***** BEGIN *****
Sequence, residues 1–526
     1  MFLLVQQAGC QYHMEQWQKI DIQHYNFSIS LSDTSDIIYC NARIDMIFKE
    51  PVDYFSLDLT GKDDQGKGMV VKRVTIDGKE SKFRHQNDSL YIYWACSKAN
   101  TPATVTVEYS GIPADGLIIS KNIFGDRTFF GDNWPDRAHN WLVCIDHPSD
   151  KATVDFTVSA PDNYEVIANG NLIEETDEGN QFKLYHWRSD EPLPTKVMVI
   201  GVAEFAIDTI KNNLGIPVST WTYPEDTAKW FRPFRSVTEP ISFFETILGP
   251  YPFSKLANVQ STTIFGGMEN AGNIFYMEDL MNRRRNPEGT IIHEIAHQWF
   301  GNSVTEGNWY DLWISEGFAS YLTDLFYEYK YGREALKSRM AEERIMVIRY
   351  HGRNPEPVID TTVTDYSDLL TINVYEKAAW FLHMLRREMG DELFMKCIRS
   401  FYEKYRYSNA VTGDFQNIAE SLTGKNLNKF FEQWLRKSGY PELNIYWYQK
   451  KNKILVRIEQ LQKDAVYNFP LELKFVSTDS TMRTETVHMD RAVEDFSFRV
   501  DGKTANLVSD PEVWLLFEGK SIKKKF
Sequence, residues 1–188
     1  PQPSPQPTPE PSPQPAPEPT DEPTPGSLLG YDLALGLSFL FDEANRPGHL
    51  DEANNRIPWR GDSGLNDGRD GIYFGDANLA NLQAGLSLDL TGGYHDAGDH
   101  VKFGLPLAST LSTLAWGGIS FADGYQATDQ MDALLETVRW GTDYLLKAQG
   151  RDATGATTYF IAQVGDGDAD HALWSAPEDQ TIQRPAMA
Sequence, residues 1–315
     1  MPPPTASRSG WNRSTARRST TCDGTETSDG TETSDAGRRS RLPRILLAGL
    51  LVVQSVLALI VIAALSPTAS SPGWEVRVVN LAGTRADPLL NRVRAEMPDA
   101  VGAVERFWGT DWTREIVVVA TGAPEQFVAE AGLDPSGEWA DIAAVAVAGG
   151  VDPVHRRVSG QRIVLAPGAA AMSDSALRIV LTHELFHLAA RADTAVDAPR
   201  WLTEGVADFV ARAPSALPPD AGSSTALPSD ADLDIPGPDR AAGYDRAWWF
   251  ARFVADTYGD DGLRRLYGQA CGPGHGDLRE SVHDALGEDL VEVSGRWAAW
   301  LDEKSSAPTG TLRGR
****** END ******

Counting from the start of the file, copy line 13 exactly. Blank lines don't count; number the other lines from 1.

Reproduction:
Sequence, residues 1–188